Monday, October 01, 2007

Kant's doctrine of the ‘categorical imperative’ may have been derived from Hindu philosophy

Sanskrit Studies and Comparative Philology Swami Tathagatananda
Kant (1712-1804) was the first German philosopher of importance with a serious interest in Indian philosophy and Sanskrit. His doctrine of the ‘categorical imperative’ may have been derived from Hindu philosophy, according to the Soviet scholar Theodore Stcherbatsky (1866-1942). After Kant, the works of Friedrich von Schlegel and August Wilhelm von Schlegel were next to appear. They were both great pioneers of nineteenth ­century German Indology.

Friedrich von Schlegel was the first German Indologist to study Sanskrit and Indian religion and philosophy in depth. (16) His knowledge of Persian, Greek and Latin put him in a unique position to recognize Indo­European linguistic relationships. Schlegel wrote acclaimed works on history and philosophy. Among them is the pioneering work Uber die Sprache und Weisheit der Indier: Ein Beitrag zur Begrundung der Altertumskunde (On the Language and Wisdom of India: A Contribution to the Foundation of Antiquity), which he wrote in 1808 after returning to Germany. This was a primary publication of nineteenth-century European Indology influenced by the Romantic Movement. This work thereafter inspired Germans to refer to the ‘Wisdom of India’ and was enthusiastically acknowledged for its scholarly translations of extracts from the Sanskrit texts of the Bhagavadgita, the Ramayana and the sacred literature of Buddhism. Schlegel wrote:

May Indic studies find as many disciples and protectors as Germany and Italy saw spring up in such great numbers for Greek studies in the fifteenth and sixteenth centuries, and may they be able to do as many things in as short a time. The Renaissance of antiquity promptly transformed and rejuvenated all the sciences; we might add that it rejuvenated and transformed the world. We could even say that the effects of Indic studies, if these enterprises were taken up and introduced into learned circles with the same energy today, would be no less great or far-reaching. (17)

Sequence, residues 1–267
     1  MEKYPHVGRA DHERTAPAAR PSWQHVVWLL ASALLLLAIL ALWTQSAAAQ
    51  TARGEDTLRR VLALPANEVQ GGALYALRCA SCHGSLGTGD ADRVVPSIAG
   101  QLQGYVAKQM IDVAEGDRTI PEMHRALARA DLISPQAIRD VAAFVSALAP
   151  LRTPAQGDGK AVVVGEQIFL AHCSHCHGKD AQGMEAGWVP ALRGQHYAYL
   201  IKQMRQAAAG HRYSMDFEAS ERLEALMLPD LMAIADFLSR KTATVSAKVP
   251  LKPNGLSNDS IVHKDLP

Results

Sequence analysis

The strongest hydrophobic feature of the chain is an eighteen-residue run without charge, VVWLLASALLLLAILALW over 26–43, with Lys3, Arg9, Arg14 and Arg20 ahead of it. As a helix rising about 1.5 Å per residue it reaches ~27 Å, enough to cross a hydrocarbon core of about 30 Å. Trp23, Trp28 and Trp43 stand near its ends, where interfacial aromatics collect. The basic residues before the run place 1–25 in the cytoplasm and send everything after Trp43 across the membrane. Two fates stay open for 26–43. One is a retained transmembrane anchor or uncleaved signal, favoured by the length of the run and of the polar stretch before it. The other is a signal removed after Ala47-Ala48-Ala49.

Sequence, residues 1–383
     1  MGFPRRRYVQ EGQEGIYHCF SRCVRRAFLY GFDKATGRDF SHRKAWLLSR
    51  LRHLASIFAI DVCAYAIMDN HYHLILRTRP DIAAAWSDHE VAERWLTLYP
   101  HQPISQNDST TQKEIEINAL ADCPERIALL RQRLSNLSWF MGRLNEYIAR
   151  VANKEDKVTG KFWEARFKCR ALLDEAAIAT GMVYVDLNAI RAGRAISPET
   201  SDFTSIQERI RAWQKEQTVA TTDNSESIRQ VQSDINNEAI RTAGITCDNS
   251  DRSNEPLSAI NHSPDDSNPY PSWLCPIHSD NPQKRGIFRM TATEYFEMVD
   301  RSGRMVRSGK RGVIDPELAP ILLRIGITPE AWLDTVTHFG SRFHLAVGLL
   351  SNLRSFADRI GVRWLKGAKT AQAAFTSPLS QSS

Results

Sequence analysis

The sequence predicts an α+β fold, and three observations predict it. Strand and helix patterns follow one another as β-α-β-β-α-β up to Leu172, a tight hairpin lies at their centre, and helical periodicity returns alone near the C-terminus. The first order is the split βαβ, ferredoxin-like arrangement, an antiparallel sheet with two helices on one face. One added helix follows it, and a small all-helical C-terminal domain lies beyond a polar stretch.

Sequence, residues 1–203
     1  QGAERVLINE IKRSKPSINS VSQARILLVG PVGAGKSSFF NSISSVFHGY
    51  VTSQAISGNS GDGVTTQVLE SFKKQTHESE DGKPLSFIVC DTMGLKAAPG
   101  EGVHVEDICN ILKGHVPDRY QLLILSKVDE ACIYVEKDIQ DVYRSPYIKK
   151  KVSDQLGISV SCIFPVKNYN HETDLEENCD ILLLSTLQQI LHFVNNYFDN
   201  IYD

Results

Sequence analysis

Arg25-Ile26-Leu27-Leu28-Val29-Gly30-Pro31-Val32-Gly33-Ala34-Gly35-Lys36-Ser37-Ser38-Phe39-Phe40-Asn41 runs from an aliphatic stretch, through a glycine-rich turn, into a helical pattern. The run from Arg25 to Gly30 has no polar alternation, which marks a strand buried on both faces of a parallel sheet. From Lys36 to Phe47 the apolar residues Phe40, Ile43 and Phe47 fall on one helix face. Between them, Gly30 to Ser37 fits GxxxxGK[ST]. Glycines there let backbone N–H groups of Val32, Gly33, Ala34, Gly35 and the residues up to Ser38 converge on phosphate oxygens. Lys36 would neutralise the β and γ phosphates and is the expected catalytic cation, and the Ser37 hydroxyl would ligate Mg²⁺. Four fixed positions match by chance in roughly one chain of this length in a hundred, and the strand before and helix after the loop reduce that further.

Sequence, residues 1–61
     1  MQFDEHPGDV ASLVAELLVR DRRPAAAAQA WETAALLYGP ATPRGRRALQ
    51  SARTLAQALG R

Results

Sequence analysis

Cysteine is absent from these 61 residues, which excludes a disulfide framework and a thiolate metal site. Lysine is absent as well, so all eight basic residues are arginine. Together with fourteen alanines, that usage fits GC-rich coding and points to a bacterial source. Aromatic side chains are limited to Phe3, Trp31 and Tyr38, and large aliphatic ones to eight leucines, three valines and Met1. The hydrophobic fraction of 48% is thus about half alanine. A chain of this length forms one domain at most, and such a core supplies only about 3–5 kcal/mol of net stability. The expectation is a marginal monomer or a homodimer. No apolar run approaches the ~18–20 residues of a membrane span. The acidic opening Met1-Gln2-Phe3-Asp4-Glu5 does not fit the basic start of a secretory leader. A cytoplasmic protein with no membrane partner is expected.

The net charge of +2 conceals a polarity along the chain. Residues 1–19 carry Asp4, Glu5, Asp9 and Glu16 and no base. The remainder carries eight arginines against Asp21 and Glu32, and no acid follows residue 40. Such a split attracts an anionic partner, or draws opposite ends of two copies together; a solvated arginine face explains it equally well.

August Wilhelm von Schlegel occupied the first chair of Sanskrit and Indology at the University of Bonn. (18) He was the first to publish standard-text editions with penetrating commentaries in classical Latin translations of the Bhagavadgita, Hitopadesha and the Ramayana. (19) Between 1820 and 1830 he published Indische Bibliothek, a collection of Indian texts. He is regarded as the founder of Sanskrit philology in Germany. His unrestrained praise for the Upanishads and especially for the Bhagavadgita elicited this fervent remark:

If the study of Sanskrit had brought nothing more than the satisfaction of being able to read this superb poem in the original, I would have been amply compensated for all my labors. It is a sublime reunion of poetic and philosophical genius. (20)...
There are many other eminent German Sanskritists who delved into the meaning of the Vedanta and published translations, catalogues of Sanskrit manuscripts and accomplished brilliant Vedic studies. Although they are worthy of mention together with German Indologists, whose more recent scholarship indicates their primary focus on Sanskrit along with recent studies of modern Indian languages, we are unable to include them. Indology is stronger in Germany than in any other Western country today. We encourage the reader who wants to learn more of the dependable works of scholarship that came from Germany to read the present author’s book, Journey of the Upanishads to the West.

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